Lambda Testing Suite

  • Lambda
  • DynamoDB
  • SNS
  • SQS
  • Step Functions
  • API Gateway
  • S3
About 6 min

# Lambda Testing Suite

The Commandeer Lambda testing suite allows you to test your lambda's in a whole new way. You can test out the system you have, both by direct invokes on lambdas, as well as by invoking them via API Gateway, DynamoDB, S3, SNS, SQS, or Step Functions. For example, you can drop a file into S3 and view the resulting CloudWatch Logs of the invoked Lambda.

# Lambda Invoke Tester

For many cases, you might want to just be able to test a Lambda directly. This is where our Lambda Invoke tester comes in. You can select the 'Invoke Lambda' menu item for a particular Lambda, as you can see below.

Lambda Side Navigation

# Successful Invocation Example

Clicking on the Invoke Lambda from either the side navigation as shown above or on the Lambda detail page will present you with the Lambda Invoke page like below.

Lambda Invoke

The left-hand side allows you to pass in the json Payload and Client Context for the lambda. The payload is like passing in parameters for the lambda to work with. The Client Context is also sometimes used by developers when chaining lambdas together, to be able to provide further information about the context of the request. Once you have these ready, you can press the 'run' button to actually invoke the lambda. Below you can see information entered for both the Payload and the Client Context.

Lambda Invoke

The first thing you will see when you run it is the overall status of the lambda. This also shows the Http Status that is returned. You will also see information like the request id in the general information section. Lastly, you will see any data returned in the body of the payload.

Lambda Invoke - Results

On the second tab, you can see the associated CloudWatch logs for the invocation. These can be particularly helpful when you are trying to debug what the issue might be with your system. Below you can see the detailed information that was logged in CloudWatch.

Lambda Invoke - Results

We detect if there was not only an error reported by the or a thrown error, but we also detect errors within your CloudWatch logs.

# Failed Invocation Example

Many times while testing it will be because of a failure. In this example, we are going to pass in some invalid json to the lambda, but you will often have cases where your code is causing the crash. Below you can see the we have some JSON that is incorrect.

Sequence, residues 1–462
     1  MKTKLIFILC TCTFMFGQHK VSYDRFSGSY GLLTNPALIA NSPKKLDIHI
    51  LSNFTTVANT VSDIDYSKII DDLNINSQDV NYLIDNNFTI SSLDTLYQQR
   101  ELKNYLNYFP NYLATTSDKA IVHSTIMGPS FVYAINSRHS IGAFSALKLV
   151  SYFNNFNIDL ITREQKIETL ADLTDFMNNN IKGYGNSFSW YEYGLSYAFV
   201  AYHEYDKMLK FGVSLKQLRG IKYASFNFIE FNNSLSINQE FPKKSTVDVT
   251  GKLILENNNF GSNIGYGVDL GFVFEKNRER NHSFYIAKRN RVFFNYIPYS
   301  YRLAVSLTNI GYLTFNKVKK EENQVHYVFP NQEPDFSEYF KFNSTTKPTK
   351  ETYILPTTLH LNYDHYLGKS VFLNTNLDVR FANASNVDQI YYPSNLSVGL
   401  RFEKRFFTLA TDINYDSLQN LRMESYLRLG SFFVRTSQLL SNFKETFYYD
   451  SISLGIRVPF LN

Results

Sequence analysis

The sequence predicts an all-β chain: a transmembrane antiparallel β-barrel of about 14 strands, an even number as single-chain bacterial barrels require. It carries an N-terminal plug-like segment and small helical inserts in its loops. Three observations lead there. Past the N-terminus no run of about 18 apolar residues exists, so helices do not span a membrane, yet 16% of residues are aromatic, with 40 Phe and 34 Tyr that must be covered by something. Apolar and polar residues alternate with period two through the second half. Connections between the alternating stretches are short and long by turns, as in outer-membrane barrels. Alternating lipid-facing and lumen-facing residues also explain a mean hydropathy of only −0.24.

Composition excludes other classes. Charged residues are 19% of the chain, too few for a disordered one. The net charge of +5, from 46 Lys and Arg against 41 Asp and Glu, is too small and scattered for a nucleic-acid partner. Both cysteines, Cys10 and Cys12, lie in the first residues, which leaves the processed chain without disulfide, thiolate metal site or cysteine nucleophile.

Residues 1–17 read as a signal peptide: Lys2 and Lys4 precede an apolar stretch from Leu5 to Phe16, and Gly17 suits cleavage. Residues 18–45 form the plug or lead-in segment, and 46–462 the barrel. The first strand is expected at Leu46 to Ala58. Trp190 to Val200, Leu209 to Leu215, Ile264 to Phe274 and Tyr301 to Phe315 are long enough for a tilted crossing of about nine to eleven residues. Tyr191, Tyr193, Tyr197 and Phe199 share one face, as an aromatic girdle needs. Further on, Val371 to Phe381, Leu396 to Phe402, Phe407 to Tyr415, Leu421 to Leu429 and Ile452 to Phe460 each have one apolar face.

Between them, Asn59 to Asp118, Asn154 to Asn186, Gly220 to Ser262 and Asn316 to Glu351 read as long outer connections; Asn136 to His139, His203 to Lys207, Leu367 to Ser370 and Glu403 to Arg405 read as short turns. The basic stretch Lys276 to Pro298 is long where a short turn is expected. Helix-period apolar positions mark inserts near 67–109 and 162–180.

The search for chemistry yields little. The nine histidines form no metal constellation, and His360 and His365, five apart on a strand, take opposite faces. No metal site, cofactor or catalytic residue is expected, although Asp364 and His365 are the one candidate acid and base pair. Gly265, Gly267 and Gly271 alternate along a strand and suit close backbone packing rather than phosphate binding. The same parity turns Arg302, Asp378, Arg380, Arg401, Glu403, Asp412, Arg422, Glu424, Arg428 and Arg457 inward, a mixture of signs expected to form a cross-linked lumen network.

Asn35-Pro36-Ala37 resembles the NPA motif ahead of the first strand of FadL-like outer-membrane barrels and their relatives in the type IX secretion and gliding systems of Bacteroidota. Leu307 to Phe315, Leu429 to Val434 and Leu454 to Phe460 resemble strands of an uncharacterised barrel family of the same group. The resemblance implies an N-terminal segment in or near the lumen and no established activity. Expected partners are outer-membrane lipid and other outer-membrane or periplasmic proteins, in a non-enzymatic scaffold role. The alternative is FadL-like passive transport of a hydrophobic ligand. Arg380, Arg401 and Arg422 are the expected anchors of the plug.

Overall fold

Lambda Invoke - Invalid Payload

Once you run this, the results will tell you what is wrong.

Lambda Invoke - Error Results

# API Gateway Lambda Tester

API Gateway is a great tool for creating an API that your frontend products or customers can use. Much of the internet is powered by API's. Up until now testing them was a bit difficult for backend developers. While tools like Postman and Paw are amazing and provide a really great way to see the resulting body and headers from your API calls, they are lacking in two ways.

First, you can only see the endpoints you specify. If you don't create the collections, your endpoints are unknown. Whereas, in Commandeer, because you are directly connected to your AWS environment. You can see all your endpoints immediately. Below you can see an example of this with our Gamestonks sample api.

Secondly, they treat the backend as a black box. In our example above, you have the endpoint

which will bring back your body and header information. But, from this you can not really tell that it is a Lambda behind the scenes, and you can't see logs from the API Gateway and CloudWatch Logs that are connected to the Lambda.

That is until now. In our runner, you can enter any information like querystring parameters, request headers, and body in the right hand side.

And then when you run the query, it will return back to you a lot of important information.

First you will see the overall resulting status, the HTTP static code, and how long it took to run, and the body of the response.